Tom Lloyd MD, PhD

Adjunct Professor of Neurology and Neuroscience

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    (Top) Nerves of wild type (WT) Drosophila larvae. The synaptic vesicle marker Synaptotagmin fused with GFP is normally targeted to the synapse and present at low levels in axons. Anti-HRP labels neuronal membranes. (Bottom) Larvae depleted of the retrograde motor cytoplasmic dynein heavy chain (cDhc64c) by motor neuron-specific expression of RNAi leads to “axonal jams” of Synaptotagmin (Syt) and neuronal membranes (HRP).

Neuronal intracellular transport in development and disease

Motor neurons are the largest (and longest!) cells in the body, and intracellular organelles and other molecular complexes must be transported bidirectionally to distinct regions of the axon, dendrite, or synapse.  While many of the molecular motors that transport organelles such as mitochondria and synaptic vesicles along axons are known, little is known about how this transport is regulated.  Given the complexity and importance of this process, it’s not surprising that disruption of axonal transport has been implicated in many neurological diseases, including motor neuron degenerative diseases such as Amyotrophic Lateral Sclerosis (ALS) and Charcot-Marie-Tooth (CMT) disease.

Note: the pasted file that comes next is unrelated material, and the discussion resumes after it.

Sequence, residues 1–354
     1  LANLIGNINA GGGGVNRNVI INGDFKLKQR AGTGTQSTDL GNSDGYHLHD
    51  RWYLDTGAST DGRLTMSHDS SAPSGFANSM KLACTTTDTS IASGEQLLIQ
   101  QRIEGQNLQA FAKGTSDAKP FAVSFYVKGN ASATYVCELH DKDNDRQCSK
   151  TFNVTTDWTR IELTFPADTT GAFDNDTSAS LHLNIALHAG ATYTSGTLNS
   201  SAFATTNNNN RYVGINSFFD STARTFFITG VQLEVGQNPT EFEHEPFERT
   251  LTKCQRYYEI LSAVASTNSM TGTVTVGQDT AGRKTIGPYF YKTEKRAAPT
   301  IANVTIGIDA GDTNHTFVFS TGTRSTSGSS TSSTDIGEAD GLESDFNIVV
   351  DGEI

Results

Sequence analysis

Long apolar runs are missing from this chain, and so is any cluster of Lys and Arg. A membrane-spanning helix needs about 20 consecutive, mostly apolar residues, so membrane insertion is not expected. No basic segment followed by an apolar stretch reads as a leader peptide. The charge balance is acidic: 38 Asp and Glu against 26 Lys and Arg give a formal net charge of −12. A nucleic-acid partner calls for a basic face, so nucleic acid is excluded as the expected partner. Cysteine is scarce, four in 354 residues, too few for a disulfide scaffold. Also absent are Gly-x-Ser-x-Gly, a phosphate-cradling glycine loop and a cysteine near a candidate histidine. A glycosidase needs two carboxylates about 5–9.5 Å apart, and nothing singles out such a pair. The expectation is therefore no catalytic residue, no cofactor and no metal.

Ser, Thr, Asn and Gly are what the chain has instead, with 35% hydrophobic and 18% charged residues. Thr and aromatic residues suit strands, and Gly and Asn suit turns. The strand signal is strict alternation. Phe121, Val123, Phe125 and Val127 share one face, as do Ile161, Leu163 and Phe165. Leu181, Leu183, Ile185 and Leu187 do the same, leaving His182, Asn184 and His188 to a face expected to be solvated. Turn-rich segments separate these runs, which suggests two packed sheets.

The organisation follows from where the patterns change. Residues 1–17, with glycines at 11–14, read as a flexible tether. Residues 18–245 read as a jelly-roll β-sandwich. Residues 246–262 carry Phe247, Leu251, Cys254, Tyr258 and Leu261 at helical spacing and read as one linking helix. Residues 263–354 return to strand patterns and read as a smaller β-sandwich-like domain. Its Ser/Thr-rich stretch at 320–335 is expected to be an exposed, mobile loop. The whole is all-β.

Our goal is to understand how axonal and synaptic transport is regulated, and how these processes are disrupted in neurodegenerative disease.  Our primary model organism is Drosophila due to the tremendous power of the fruitfly in performing genetic screens.  We are currently performing both forward and reverse genetic approaches to identify and characterize novel regulators of axonal transport and modifiers of neurodegeneration.  For example, we have introduced disease-associated mutations in dynactin, a protein complex that regulates the dynein retrograde motor, and we are studying the mechanisms whereby mutations disrupt intracellular transport and cause motor neuron degeneration.  Finally, phenotypic characterization of motor neuron degenerative disease models including FUS and TDP-43 are underway to better understand how mutant proteins cause disease.   In collaboration with other investigators of the Robert Packard Center for ALS Research at Johns Hopkins and the Brain Science Institute, we hope to translate insights learned from fly models of ALS into new therapeutic targets for disease.

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